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3 Parenting Solutions for Ending Childhood Stealing

Parenting Skills Blog shares character, parenting, and family solutions from Jean Tracy, MSS ~ Website ~ www.KidsDiscuss.com

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Is your kid's character heading toward jail?  Is stealing becoming a problem? Although many kids steal something, the trick is knowing how to stop it. Look inside for some parenting tips on what to do.

Building Character with An Excerpt from BackTalk Street and "Thelma the Thief," page 39

...Thelma watched her mother back out the driveway. 'Now's my chance,' she thought. Thelma snuck into her parents' bedroom. She pocketed a twenty-dollar bill from her step-dad's dresser. 'I don't wait,' thought Thelma, 'I just take."

"What were you doing in mom and dad's room?" quizzed Peter.

Thelma jumped. She thought to herself, 'I didn't know he was home.' Her mind raced for an answer. "None of your business," she hissed.

Although Thelma acted tough, her heart pumped hard and fast as she headed back to her room.

Parents, stealing is like a cat on the hunt. It crouches down, looks, listens, and when the moment seems right, it pounces on its prey. Thelma watched her mother drive away. She thought she was alone.  Thelma snuck into her parents' bedroom. Carefully, she opened her step-dad's drawer and took the money.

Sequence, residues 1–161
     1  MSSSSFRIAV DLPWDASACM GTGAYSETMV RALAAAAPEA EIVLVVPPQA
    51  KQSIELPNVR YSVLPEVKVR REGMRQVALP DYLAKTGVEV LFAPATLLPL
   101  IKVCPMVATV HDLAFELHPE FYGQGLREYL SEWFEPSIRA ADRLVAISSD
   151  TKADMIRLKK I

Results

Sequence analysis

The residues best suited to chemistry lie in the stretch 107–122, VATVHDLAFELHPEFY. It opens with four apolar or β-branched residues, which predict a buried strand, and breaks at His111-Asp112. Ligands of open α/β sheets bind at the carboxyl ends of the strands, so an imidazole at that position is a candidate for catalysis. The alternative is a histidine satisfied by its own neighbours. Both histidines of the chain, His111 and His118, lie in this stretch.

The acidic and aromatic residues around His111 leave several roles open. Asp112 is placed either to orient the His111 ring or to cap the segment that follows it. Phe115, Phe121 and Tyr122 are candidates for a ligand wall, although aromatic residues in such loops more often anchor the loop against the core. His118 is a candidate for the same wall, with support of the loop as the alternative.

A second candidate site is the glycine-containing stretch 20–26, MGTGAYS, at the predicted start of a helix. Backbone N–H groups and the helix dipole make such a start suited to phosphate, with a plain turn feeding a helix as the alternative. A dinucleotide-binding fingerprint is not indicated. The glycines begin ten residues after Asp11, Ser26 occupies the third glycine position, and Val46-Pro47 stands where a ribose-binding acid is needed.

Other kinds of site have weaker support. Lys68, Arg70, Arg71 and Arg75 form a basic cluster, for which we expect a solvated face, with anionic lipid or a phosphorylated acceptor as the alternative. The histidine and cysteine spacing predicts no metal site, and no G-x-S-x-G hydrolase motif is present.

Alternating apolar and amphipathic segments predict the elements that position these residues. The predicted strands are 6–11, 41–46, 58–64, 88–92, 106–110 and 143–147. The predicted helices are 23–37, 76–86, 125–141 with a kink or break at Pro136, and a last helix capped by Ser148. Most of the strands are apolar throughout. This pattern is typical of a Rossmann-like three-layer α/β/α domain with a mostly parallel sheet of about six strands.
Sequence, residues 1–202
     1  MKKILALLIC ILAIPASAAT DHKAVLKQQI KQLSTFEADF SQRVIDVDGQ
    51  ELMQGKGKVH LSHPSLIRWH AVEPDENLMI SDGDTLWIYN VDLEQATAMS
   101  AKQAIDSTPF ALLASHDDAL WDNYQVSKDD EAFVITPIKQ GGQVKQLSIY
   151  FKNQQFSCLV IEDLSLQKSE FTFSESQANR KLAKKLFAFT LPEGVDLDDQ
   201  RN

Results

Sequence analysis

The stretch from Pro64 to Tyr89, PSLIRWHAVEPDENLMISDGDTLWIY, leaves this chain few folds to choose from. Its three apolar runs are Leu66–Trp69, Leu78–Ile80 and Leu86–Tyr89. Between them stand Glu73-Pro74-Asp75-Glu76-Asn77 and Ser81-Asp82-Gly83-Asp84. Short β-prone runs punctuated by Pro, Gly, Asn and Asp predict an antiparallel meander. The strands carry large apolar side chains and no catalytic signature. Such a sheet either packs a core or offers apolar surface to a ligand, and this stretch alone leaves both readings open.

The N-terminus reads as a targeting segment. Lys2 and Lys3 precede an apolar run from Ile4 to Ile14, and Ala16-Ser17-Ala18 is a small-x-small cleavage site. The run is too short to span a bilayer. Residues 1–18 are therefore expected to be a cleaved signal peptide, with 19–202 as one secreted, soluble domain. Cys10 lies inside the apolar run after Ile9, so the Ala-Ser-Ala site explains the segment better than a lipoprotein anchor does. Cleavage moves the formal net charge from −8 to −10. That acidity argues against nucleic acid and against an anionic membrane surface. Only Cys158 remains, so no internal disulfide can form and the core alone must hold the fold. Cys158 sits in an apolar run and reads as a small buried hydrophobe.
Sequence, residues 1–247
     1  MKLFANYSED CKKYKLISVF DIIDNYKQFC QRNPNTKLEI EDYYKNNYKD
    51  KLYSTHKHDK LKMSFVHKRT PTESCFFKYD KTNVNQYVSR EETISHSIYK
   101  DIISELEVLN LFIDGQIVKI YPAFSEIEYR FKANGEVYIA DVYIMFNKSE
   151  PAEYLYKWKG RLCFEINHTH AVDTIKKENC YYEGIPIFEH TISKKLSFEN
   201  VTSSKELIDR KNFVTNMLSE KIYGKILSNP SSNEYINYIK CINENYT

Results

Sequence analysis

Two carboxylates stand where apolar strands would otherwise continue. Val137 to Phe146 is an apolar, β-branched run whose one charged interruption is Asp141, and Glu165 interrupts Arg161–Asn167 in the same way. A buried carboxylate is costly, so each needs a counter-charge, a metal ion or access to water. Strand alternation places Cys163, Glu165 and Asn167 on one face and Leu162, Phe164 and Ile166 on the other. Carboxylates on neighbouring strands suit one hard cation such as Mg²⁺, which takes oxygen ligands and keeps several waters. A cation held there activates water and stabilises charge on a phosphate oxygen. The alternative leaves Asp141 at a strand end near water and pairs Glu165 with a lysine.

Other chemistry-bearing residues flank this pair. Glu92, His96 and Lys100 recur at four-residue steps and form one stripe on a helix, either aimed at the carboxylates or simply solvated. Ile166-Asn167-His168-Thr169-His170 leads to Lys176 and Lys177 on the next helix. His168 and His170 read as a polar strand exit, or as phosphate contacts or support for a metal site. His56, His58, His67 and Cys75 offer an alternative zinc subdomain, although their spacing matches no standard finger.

If you catch your child stealing at home, don't be surprised if she's taking things from classmates and friends. In Thelma's case her mother looked under Thelma's bed and was shocked. At school, Tilly the Tattle revealed Thelma's secret.

Kids who take from others have to be sneaky. They feel fear and they can't play openly with the toys they steal. They may become cranky and secretive.

Don't let this happen to your child. Be alert. Consider what you can do to help.

3 Parenting Questions for Stopping Your Child from Stealing

Gather your kids together. Read a story like Thelma's. Then discuss these questions:

1. Has anyone ever stolen your things? If so, how did you feel?

2. Why is earning what you want better than stealing?

3. What advice would you give kids who steal?

Even if your child doesn't steal, stories like Thelma's can boost their moral values. When they discuss the questions with you, they think about right and wrong. You help them form their character.